The Supreme Court, on Thursday, asked the Bar Council of India (BCI), to consider the suggestions of the Amicus Curiae to provide incentives to Advocates who take in young lawyers as their juniors.

 Apart from this, the Bench comprising Justices Sanjay Kishan Kaul and M.M. Sundresh also requested the High Court Judges to engage young lawyers as law clerks. It noted

 “BCI has constituted a High Powered Committee to check legal and constitutional validity of compulsory chamber placement…submission of Amicus in this regard can be placed before the committee for consideration. Most High Courts have provisions for law clerks. This is an opportunity for young lawyers to get guidance. At times these posts are not filled in. We request the Hon`ble Judges to give the opportunity to younger lawyers by facilitating their working as law clerks based on the selection of each judge.”

 By way of the affidavit filed by AdvocateonRecord, Mr Durga Dutt, the BCI had apprised the Court that it has constituted a High Power Committee to check the validity of compulsory chamber placement with designated Senior Advocates or Advocates having 25 years of standing at the Bar for young law graduates. Once the Committee determines the validity, the BCI would request such Advocates to engage at least 5 such juniors in their chambers.  Responding to the proposal for making the placement of juniors compulsory, Amicus Curiae Senior Advocate KV Vishwanathan suggested that providing incentives would be more effective in encouraging the participation of Seniors in the chamber placement process of young lawyers.  The Bench was hearing a petition assailing the judgment of the Gujarat High Court, which allowed persons with other employment, whether full time or part-time, to enrol as Advocates without resigning from their jobs. On previous occasions, the Bench had encouraged BCI to revamp the existing system of induction into the legal profession, primarily, by improving the quality of the Bar Examination. It has also urged BCI to evolve a fair placement mechanism for juniors. In this regard Senior Advocate, Mr S.N. Bhat, appearing on behalf of BCI, had submitted an affidavit addressing the concerns raised by the Bench.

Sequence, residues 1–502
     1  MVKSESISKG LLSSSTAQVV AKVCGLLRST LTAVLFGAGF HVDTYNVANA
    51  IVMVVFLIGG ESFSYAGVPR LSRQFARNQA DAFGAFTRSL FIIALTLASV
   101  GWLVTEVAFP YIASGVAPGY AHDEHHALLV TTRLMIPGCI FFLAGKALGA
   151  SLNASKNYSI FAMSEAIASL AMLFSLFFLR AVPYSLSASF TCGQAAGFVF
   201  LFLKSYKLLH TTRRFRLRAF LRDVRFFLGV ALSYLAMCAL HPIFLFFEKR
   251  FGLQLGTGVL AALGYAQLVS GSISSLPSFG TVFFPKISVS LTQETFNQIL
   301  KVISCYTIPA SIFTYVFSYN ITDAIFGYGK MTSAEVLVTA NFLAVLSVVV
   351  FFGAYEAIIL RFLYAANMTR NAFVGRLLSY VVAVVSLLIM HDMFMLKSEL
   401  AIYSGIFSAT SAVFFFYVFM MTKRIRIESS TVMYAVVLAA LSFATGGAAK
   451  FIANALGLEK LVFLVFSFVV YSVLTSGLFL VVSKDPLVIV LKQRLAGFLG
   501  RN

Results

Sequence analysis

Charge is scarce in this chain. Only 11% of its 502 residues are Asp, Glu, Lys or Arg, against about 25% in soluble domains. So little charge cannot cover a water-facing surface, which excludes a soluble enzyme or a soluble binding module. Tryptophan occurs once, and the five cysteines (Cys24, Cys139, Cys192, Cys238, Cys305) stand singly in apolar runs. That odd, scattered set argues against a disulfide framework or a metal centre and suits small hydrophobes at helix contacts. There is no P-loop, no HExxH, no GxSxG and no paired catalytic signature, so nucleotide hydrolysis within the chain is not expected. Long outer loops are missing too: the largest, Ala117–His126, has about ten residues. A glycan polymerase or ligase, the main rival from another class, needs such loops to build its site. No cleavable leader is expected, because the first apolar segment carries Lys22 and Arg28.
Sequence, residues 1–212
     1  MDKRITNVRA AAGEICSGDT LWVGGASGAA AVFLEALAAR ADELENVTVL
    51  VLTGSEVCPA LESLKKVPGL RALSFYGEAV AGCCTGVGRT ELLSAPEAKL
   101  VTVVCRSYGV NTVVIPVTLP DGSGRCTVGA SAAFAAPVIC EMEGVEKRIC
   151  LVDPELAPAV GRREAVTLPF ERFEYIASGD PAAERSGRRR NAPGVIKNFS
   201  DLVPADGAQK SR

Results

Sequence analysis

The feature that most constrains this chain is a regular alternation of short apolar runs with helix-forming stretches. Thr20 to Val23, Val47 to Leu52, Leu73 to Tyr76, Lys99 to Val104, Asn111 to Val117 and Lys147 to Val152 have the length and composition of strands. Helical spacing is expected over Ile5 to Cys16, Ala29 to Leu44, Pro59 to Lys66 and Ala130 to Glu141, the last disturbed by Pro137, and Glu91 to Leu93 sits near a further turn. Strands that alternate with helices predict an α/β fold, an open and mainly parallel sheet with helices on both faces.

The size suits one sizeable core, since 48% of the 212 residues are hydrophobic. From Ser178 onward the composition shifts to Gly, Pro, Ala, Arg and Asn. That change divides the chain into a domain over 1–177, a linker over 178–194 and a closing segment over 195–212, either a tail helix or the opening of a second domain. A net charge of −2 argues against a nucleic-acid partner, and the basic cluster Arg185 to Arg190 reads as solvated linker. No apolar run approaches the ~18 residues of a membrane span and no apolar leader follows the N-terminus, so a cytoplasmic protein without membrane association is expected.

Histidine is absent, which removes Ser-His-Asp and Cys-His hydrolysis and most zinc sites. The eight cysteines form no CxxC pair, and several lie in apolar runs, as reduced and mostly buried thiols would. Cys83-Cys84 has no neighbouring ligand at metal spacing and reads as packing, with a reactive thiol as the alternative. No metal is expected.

BCI also proposed to frame Rules to conduct an online objective test on the basis of which the young lawyers can be placed. The meritorious ones would be placed in the chambers of Senior Advocates or Advocates having 25 years of standing at the Bar, while the others would get placed in the chambers of Advocates having 1520 years of experience.  Considering the system of placement of juniors in the chambers is unregulated, the Amicus Curiae, Mr K.V. Vishwanathan had made some suggestions. Each state bar association must seek the motivation of attorneys in various positions for 710, 1015, 15 years or more, including designated senior attorneys, and junior attorneys with 17 years of experience seeking placement. .. Each bar association forms a mediation committee. These committees can set qualification parameters for older people who are willing to take on juniors and younger lawyers who want to get a job. The committee will review the application.

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